Firstly they are a full circumaural design, meaning that they are worn over your ears instead of on them. This lets your ears have ample room to breathe and stops your head from getting all hot and sweaty. Additionally, this will stop any build-up of friction that some users report from using on-ear headphones.
The headband is now a little bit wider and is covered in suede as opposed to cloth. This little touch increases the overall feel of the product but alleviates pressure on the top of the head. Clamping pressure feels spot-on, enough to hold them on your head but not to cause discomfort during those long flights and days in the office.
Next Level Noise Canceling
If you want to know the science behind how noise-canceling headphones work, then you can read this quick article. I’m sure most of your reading already know what noise canceling does, so I’ll get on with saying that, currently, Bose does it better than anyone else, and except the Diva, there are no real competitors at this level.
The QC35 has two chips (one in each ear cup) that will pick up those unwanted ambient noises and remove them from what you hear. They manage to do this now in a fraction of a millisecond, and the result on the QC35 seems like they have finally got the technology nailed on. Compared with the QC25 and Parrot Zik 3.0, you don’t have that sucked out the feeling of hollowness with these headphones. Instead, it sounds more like a normal wired headphone (in a good way) without excess crap cluttering up your listening experience.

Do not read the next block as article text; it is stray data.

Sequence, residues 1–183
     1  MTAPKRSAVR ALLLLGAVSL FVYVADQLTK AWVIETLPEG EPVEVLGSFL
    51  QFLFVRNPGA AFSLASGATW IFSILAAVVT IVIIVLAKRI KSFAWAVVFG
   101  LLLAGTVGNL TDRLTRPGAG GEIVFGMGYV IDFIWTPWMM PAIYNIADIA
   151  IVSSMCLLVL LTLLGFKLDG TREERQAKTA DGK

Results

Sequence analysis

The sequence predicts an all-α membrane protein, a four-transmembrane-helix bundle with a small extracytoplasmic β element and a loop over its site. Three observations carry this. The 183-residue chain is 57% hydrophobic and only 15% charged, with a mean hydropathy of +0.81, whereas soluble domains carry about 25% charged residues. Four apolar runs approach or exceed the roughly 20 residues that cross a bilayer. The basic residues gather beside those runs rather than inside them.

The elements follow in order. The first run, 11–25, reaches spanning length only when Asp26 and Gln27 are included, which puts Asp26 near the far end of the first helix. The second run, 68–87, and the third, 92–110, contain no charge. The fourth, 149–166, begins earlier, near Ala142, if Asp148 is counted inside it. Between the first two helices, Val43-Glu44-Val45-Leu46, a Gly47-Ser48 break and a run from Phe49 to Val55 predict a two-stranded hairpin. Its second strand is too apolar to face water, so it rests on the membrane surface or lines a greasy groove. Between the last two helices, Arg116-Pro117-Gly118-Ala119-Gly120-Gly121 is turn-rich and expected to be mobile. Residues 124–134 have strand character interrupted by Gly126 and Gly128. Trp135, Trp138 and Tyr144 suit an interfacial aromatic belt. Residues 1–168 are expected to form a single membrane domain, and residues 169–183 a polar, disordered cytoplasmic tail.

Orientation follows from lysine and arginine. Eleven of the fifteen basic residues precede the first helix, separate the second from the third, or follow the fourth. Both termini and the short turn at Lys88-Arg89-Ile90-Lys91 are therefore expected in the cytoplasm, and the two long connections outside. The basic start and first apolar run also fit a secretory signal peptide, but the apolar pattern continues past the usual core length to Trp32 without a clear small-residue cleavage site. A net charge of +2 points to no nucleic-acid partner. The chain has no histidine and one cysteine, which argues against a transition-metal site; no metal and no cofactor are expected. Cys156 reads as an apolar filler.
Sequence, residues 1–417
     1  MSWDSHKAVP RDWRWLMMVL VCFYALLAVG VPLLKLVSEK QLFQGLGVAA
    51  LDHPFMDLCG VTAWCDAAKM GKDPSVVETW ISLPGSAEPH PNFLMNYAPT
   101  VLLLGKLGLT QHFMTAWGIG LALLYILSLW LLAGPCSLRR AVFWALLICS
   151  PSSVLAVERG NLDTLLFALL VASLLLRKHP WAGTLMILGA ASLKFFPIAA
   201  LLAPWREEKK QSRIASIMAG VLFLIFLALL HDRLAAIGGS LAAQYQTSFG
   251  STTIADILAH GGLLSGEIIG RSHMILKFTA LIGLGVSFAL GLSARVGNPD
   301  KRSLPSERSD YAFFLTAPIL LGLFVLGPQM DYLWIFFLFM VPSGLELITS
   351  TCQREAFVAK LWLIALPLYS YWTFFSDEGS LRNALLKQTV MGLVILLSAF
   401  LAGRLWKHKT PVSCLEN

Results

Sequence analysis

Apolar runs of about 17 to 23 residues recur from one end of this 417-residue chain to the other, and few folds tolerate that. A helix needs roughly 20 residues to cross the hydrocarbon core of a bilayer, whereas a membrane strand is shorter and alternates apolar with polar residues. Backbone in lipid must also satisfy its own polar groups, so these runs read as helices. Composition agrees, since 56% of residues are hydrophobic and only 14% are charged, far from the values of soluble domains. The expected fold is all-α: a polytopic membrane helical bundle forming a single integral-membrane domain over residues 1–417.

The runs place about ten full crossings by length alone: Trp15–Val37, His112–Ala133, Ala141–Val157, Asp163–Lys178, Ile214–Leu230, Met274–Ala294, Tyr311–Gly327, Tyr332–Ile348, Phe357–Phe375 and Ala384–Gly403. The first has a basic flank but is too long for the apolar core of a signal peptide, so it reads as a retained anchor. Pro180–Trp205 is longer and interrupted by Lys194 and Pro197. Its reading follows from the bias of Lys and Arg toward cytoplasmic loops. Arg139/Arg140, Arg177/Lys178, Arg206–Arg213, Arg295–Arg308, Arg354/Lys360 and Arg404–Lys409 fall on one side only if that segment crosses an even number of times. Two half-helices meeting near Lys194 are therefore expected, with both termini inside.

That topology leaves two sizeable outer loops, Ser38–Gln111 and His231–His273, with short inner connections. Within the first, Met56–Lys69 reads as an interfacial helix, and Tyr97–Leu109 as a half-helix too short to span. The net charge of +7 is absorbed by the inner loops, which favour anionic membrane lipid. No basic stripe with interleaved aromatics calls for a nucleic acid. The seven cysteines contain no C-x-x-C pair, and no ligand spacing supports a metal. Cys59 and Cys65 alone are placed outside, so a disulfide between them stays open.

I used the QC35 for a month, flying back and forth to the UQ and on various trains and buses, and the range of sounds that are blocked out make traveling much more of a pleasure. The thing I liked most was that it just seemed more refined and interfered less with the sound reproduction of your music than with previous generations.
Battery Life & Bluetooth
Bluetooth paired easily, just as you would expect, and there were no real issues here, but I did have one issue. The Bose QC35 doesn’t support streaming via Bluetooth APT-x; it is a pain in the ass. Bose claims battery life to be 20 hours, and thankfully they have abandoned the AAA batteries of previous models instead of a built-in solution.
In real-world testing, we found that we would get closer to 16-17 hours most of the time, and that was listening to what we would call fairly moderate volumes. Still good, but I wish manufacturers would list real-world results as opposed to best-case usage scenarios.
Sound Quality – Easily the Best Sounding Bose Headphone Yet
The biggest leap forward Bose has made with the new model is, without a doubt in sound quality. For years I have been saying the companies headphones are great for blocking out external noise but don’t go banking on some top-level sound. A big issue was that the noise-canceling technology created a sucked-out sound in the audio. Bose seems to have worked this out now, and the QC35 are a perfect sounding set of portable headphones in their own right.